200-Million-Year-Old Swimming Reptile Fossil Discovered In Southeast Alaska

Artist’s depiction of Gunakadeit joseeae. Ray Troll ©2020

Madison Dapcevich 04 Feb 2020, 21:08

Once or twice a year, the lush Tongass National Forest in coastal Southeast Alaska experiences huge tidal fluctuations, exposing rocky intertidal zones that are otherwise submerged underwater. It was during one of these minus tides nearly a decade ago that Jim Baichtal, a geologist with the US Forest Service, went fossil hunting in the Keku Islands near the village of Kake.

Little did he know, his discovery would change what the scientific community knows about ancient marine reptiles that dashed through the world’s oceans hundreds of millions of years ago.

Baicthal had stumbled upon the most complete specimen of a pointy-snouted thalattosaur ever discovered in North America. For the first time, experts describe a newly added species Gunakadeit joseeae in Scientific Reports.

“Thalattosaurs were among the first groups of land-dwelling reptiles to readapt to life in the ocean,” said study co-author Neil Kelley of Vanderbilt University in a statement. “They thrived for tens of millions of years, but their fossils are relatively rare so this new specimen helps fill an important gap in the story of their evolution and eventual extinction.”

This fossil of Gunakadeit joseeae was found in Southeast Alaska. About two-thirds of the tail had already eroded away when the fossil was discovered. University of Alaska Museum of the North

Following its 2011 discovery, it would take experts at the University of Alaska Fairbanks several years to prepare the “weird” fossil for analysis. To properly place the new species in the phylogenetic tree, researchers analyzed dozens and dozens of detailed anatomic features from fossil specimens around the world and used computers to analyze information to determine potential relatives.  

“When you find a new species, one of the things you want to do is tell people where you think it fits in the family tree,” said lead author Patrick Druckenmiller, director and earth sciences curator at the University of Alaska Museum of the North. “We decided to start from scratch on the family tree.”

Before G. joseeae was discovered, it had been two decades since the thalattosaur relationships on the family tree had been updated. Thalattosaurs lived primarily in equatorial oceans during the Triassic Period right around the time their distant dinosaur relatives were emerging. Despite their broad range, intact fossils are rare and the lack of finds has hampered efforts to fully understand their evolutionary history during a “time of profound marine ecological change.”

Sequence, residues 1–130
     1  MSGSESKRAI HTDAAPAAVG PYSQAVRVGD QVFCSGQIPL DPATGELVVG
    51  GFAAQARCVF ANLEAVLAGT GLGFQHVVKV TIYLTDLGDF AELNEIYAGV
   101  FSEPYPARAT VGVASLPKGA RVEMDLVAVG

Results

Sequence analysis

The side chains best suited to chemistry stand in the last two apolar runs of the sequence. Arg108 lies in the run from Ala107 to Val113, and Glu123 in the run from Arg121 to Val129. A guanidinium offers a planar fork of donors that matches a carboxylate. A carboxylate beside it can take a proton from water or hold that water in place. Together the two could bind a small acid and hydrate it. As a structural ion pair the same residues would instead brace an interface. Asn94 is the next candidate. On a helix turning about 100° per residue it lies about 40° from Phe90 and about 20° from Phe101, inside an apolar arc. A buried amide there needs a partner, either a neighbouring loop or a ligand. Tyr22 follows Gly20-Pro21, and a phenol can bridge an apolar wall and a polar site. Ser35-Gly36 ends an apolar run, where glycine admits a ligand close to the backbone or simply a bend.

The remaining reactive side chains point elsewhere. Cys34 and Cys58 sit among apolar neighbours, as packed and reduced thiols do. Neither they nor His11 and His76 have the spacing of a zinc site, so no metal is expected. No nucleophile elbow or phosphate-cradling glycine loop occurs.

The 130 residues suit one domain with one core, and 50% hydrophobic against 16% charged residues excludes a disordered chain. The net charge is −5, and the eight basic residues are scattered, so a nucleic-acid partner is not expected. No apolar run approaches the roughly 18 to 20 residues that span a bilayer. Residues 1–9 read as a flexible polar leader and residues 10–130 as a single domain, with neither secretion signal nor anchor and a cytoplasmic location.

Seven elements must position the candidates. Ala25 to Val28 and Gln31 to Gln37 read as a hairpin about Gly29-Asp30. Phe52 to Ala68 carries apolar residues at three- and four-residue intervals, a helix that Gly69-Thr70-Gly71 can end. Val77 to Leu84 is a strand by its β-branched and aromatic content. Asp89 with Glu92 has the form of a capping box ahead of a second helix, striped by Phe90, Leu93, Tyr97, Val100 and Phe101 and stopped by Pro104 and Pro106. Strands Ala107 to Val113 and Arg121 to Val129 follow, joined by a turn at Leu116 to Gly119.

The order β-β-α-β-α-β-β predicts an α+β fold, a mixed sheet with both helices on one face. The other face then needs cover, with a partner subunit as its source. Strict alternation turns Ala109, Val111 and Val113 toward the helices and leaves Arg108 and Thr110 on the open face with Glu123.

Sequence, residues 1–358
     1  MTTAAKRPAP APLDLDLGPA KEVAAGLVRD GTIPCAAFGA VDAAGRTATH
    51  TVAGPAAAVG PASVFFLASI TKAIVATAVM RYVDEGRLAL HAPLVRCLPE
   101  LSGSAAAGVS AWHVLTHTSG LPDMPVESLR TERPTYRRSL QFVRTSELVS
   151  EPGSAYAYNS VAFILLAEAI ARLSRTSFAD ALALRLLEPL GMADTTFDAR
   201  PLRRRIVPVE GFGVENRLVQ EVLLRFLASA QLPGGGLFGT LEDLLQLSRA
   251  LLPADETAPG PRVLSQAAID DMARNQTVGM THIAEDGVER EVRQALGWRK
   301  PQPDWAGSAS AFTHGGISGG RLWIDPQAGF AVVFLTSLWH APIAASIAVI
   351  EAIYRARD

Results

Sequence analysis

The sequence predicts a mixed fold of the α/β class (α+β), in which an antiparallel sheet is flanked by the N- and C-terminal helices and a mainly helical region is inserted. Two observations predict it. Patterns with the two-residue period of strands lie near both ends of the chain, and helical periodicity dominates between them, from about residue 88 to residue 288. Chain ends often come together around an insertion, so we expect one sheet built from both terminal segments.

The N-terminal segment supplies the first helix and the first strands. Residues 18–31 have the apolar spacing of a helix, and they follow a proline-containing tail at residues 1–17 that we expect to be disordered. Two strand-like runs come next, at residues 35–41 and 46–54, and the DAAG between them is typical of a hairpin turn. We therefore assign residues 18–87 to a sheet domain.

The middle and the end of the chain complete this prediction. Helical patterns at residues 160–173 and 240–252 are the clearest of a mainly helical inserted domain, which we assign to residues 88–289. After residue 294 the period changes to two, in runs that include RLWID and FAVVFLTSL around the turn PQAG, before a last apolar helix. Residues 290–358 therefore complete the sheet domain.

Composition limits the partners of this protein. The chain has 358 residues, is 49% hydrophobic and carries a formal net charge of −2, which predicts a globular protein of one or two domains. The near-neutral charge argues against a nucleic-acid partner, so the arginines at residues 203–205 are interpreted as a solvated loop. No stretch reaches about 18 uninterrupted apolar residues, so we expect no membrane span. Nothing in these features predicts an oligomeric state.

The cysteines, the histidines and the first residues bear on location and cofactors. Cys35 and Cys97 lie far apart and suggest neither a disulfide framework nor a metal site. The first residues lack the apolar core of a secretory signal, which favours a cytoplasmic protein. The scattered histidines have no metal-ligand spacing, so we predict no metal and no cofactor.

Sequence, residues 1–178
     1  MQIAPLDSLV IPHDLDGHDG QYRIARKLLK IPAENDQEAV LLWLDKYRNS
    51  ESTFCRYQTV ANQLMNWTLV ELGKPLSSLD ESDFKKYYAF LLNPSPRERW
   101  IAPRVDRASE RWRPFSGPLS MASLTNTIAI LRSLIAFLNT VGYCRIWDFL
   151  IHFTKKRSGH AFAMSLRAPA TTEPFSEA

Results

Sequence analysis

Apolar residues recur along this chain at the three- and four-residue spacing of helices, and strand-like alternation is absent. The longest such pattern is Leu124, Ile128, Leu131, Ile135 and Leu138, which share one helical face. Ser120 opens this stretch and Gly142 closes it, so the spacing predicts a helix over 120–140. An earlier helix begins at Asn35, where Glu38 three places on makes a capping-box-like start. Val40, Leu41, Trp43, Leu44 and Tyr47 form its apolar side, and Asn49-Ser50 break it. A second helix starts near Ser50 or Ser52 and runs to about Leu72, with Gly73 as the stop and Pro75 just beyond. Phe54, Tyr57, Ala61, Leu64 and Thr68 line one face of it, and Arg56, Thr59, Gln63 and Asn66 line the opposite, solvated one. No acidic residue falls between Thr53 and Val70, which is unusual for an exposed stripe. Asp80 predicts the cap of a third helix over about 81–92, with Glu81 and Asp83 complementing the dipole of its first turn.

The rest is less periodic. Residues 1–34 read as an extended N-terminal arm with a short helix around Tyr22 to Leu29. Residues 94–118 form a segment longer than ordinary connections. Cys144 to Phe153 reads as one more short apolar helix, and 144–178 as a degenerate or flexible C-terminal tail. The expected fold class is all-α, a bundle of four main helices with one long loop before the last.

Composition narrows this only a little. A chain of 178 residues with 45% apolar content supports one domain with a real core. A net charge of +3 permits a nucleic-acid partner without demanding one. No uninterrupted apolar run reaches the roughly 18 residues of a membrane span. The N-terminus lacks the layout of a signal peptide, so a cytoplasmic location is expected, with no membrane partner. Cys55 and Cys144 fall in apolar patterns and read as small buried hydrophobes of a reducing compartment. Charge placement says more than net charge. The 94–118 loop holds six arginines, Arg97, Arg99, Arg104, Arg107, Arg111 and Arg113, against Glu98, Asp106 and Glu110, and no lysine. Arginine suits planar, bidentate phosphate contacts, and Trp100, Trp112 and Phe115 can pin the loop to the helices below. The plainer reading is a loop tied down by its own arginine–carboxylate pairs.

Scientists determined that G. joseeae represented a new taxon that expands existing knowledge about how the ancient reptiles fed, the habitat they lived in, and their eventual extinction. For starters, the reptile was relatively small and grew up to just 4 meters long (13 feet). The aquatic tetrapods were highly specialized and had a short, pointy snout that equipped them for survival in nearshore shallow marine environments – a characteristic that may have eventually led to their demise.

Gunakadeit, a sea monster of Tlingit legend, brings good fortune to those who see it. Robert Mills ©2020

“It was probably poking its pointy schnoz into cracks and crevices in coral reefs and feeding on soft-bodied critters,” said Druckenmiller. “We think these animals were highly specialized to feed in the shallow water environments, but when the sea levels dropped and food sources changed, they had nowhere to go.”

In a nod to local Alaska Native culture, the scientists named the marine reptile after Gunakadeit, a Tlingit sea monster who brings good fortune to those who see it. In this case, finding the animal has led to a deeper understanding and new insight into the reptilian family tree.

“Gunakadeit expands the already striking morphological disparity seen in thalattosaurs, indicative of adaptation to a wide range of dietary and ecological roles,” conclude the authors.

From left, Gene Primaky, Jim Baichtal, and Patrick Druckenmiller stand in rising tidewater after the last of the two blocks was removed. Minutes later, the tide submerged the excavation site. Kevin May, UA Museum of the North

 

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